I’ve been lucky enough to interview many of New Zealand’s best athletes, both on the Athlete Development Show, and in the halls of AUT Millennium. One of the topics I love to ask the athletes about is the influence their parents had on their development and what they did to support their sporting journey.

Overwhelmingly, the stories are the same. Athletes speak of unconditional love and support, particularly through the tough times. They talk about parents who spent a lot of time providing taxi services, attending games, and who showed a keen interest in what they were doing without being overly pushy or offering too much advice. Ultimately, I’ve learnt from all my conversations with elite athletes that the best sporting parents spend more time listening than talking.

So, with that in mind, here are 7 active listening techniques to ensure you’re paying attention to what your child is saying and that you understand what is being said.

1) Affirmations

Nodding, saying yes, OK, or aha as your child speaks shows you’re interested and really care about what they’re saying. Most importantly, accompany your affirmations with eye contact.

2) Silence

Resist the urge to break the silence. It’s tempting to answer your own questions, or ask a second before giving your child time to think and respond to the first. If you ask a question about their game or competition, be patient enough to wait for the answer. Sometimes, particularly when there’s emotion attached to the answer, it might not come until later that evening, the following day, or even a week later.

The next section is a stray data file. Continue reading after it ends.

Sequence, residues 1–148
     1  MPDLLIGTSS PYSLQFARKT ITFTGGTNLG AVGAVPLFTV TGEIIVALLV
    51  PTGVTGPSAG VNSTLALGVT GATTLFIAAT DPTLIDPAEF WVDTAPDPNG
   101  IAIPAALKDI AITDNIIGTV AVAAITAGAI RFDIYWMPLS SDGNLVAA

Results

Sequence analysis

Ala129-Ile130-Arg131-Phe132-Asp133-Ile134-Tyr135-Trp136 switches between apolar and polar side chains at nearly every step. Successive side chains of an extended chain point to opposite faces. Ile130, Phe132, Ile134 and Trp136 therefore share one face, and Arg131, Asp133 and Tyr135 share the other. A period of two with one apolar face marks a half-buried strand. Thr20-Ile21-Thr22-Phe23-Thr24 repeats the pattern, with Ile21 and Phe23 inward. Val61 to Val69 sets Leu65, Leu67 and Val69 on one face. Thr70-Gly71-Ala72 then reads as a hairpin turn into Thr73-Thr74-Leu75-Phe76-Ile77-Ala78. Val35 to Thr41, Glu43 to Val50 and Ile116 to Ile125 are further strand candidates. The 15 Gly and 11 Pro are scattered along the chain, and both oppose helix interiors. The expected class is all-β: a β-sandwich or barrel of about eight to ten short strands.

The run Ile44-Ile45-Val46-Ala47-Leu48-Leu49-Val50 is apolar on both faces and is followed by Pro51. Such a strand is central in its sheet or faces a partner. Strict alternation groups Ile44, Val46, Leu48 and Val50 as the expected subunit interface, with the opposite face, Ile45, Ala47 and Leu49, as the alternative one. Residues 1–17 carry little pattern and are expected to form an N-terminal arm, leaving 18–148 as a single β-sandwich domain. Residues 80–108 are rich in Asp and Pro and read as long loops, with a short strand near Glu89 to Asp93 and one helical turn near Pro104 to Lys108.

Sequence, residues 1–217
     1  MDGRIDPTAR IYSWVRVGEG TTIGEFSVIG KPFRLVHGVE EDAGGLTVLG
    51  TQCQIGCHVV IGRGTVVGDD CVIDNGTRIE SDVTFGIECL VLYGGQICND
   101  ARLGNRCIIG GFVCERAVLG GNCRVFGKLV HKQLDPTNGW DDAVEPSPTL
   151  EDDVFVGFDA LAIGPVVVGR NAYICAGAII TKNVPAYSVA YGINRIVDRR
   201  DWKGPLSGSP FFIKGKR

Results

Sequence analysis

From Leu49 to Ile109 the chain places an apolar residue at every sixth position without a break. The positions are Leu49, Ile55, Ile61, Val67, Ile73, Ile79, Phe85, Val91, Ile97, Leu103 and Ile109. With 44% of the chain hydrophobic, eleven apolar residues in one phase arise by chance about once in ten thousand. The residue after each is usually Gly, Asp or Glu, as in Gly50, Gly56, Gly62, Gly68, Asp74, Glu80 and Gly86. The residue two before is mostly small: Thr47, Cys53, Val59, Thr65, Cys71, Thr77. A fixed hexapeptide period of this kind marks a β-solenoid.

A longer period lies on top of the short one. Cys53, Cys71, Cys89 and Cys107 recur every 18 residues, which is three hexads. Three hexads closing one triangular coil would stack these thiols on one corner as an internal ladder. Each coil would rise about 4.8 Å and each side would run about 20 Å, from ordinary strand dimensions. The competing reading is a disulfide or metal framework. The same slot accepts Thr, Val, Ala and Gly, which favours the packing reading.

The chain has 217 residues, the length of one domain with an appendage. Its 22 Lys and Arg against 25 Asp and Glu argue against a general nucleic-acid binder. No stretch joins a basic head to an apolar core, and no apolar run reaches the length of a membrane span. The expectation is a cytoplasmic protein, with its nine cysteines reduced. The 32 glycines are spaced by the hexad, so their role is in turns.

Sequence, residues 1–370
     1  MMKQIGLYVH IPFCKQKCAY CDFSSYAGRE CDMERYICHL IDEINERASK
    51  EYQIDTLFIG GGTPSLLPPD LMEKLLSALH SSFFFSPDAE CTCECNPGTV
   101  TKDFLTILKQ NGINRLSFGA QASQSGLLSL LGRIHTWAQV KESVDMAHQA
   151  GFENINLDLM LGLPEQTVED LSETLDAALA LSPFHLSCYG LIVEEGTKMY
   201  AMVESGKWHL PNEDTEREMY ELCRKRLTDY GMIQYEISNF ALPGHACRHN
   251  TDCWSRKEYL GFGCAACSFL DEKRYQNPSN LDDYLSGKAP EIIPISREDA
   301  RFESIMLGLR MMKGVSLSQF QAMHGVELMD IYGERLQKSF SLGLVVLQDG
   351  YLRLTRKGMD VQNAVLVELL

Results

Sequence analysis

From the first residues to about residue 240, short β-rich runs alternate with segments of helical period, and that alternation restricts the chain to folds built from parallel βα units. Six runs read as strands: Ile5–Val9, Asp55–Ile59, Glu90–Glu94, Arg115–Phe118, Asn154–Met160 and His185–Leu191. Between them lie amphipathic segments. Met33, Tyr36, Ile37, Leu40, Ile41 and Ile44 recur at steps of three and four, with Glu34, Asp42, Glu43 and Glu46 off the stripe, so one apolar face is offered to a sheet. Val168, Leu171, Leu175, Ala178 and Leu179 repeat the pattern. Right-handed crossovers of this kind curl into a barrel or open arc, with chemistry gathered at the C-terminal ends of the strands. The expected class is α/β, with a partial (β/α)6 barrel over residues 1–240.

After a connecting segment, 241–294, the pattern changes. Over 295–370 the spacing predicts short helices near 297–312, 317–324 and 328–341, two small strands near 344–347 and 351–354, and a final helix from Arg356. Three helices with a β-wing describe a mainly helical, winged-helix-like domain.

3) Rephrasing

Get good at paraphrasing. That is, rewording what your child has said back to them. This is a great way to clarify that what you heard was right. The thoughts and feeling of new and challenging experiences in sport, such as losing a tight game, can be difficult to put into words, especially when you haven’t yet had the time to decipher it yourself.

4) Reflection

Adding emotive or behavioural reflection to a conversation, for example “that must have been difficult”, or “I could see that you’re upset”, shows you’re listening. What’s more, it also makes sure you get the right detail so that you can provide valid advice or help if it’s asked for.

5) Listening between the lines

Try to pick up on the little things that your child is alluding to or saying without directly addressing them. Often, it’s the little things that are hiding the struggles, and real pleasures for that matter, of your child’s sporting experience. And it’s not until you know what these are that you can ask more about them. For instance, listen for the genuine reasons why you child is loving the game, or becoming less motivated to play (e.g., a coach who doesn’t listen).

6) Summarise

Capture the key points from what you’ve heard in a conversation with your child so that you can decide what to do with it next. You may need to follow something up with a coach or teacher, look for ways to help your child through a challenging time, or file it under ‘unimportant’ and move on.

What have you learnt about communicating with your children to help them do better in sport? I’d love to hear about it in the comments below.

Be the best you can be,